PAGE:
Army of One: You Can Change the World

By · November 27, 2009 · Filed in Change

When Abraham Lincoln took the Oath of Office as the 16th President of the United States in March of 1861, the country was anything but “united.”  The country was so divided over issues such as slavery and individual rights that seven southern states had seceded from the Union, and the nation was on the brink of Civil War.  Facing these obstacles, Lincoln could have easily and understandably succumbed to the pressure and relented to the demands of the South, but his values prevented him from doing so.  He was willing to face an unprecedented War within the United States for what he believed to be fundamentally right.

History, both ancient and recent, is filled with examples of ordinary people acting extraordinarily and according to their values in the face of overwhelming challenges.  People who refused to accept things they felt were wrong with the world, and who truly believed they alone could make a difference.  People, such as Rosa Parks, who simply could not wait any longer for someone to act on her behalf.

In the face of personal harm and the risk of arrest, Rosa Parks refused to give up her seat on an Alabama bus, singularly protesting the accepted laws of segregation, thus beginning the Civil Rights Movement.

When people follow their passion and act upon what they know in their hearts to be right, amazing things can happen.  All change begins with an individual—an individual who sees something wrong with the world or perhaps something that can be improved upon, and has the courage to initiate the change.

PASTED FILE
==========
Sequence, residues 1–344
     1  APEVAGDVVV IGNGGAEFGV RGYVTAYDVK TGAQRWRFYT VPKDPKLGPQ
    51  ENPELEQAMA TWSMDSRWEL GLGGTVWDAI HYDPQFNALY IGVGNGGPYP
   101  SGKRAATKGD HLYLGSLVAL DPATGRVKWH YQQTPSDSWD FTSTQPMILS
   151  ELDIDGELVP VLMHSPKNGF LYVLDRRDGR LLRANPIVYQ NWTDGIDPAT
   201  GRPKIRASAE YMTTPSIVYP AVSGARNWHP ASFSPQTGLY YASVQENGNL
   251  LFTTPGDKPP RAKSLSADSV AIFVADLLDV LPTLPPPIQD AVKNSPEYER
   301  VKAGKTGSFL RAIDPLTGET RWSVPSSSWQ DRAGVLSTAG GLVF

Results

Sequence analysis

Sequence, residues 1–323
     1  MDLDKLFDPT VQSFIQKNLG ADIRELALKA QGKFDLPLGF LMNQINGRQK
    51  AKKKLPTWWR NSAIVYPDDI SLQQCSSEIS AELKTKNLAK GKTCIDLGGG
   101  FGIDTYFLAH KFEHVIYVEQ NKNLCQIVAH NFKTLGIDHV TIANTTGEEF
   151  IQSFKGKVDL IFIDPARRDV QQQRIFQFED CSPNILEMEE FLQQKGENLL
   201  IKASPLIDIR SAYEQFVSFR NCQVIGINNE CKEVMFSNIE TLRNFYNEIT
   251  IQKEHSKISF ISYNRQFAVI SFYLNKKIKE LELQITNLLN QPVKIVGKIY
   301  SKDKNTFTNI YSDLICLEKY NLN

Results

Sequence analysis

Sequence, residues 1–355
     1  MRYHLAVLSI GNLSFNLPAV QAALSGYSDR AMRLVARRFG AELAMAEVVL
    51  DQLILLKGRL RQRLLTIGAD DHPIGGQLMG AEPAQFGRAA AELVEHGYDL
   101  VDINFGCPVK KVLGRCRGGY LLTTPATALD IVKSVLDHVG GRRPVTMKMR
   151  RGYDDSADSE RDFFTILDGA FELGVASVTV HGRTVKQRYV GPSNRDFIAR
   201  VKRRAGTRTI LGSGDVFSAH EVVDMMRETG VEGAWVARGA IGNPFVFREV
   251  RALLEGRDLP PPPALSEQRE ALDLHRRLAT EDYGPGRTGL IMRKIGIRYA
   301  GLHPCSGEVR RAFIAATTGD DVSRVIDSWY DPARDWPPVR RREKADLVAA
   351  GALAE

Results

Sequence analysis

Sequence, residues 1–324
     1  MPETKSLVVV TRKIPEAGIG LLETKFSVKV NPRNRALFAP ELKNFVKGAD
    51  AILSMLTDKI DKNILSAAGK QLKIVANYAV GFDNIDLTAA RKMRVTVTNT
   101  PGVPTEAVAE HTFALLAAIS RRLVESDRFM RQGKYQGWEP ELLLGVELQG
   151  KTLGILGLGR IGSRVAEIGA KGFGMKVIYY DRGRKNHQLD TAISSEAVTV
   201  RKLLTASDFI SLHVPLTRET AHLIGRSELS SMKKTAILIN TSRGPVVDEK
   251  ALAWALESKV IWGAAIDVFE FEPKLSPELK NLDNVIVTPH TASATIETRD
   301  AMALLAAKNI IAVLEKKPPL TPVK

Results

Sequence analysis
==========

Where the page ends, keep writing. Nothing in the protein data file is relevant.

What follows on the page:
The trick, of course, is to find something you are passionate about.  What types of things are important to you and what can you do about it?  Next, you must act. No stone begins to roll without the first push, and you alone can get the ball rolling and create positive change that supports your personal values.  Don’t wait around for someone else to do what you can start right now.  It’s not easy, but when you truly believe in something you’ll find that the motivation to continue will come very easily.

As a simple Catholic Nun, Mother Theresa dedicated her life to helping those less fortunate.  She refused to accept that people should be hungry or denied medical care simply because of where they lived or their circumstances.  She took personal responsibility for what she believed was wrong and acted accordingly.  She was neither rich nor powerful.  She did not seek fame or fortune.  She simply wanted things to change because they were not aligned properly based upon her value system.

Isn’t it possible that you too could take a cause you believe in and make it your own?  What could you do to improve upon this world?

All too often in life, we wait around for someone else to instigate the changes we want to see.  We doubt our own ability and become paralyzed to action, thinking either we are not solely capable of bringing the changes about, or that someone else will get around to it.  This inability to act alone is all in our head.  Each journey begins with a single step, and our first step may set in motion a journey that could change the world.

The world is indeed a better place thanks to Lincoln, Parks and Mother Theresa.  Their values and the courage to act upon them changed the status quo and set in motion events that make this earth a better place to live.  The only “special power” they shared was an unshakeable belief in what they thought to be right and the guts to do something about it.  Individuals can make a difference, and it begins by answering two simple questions:

1.  What’s wrong with this?

And

2.  What can I do about it?

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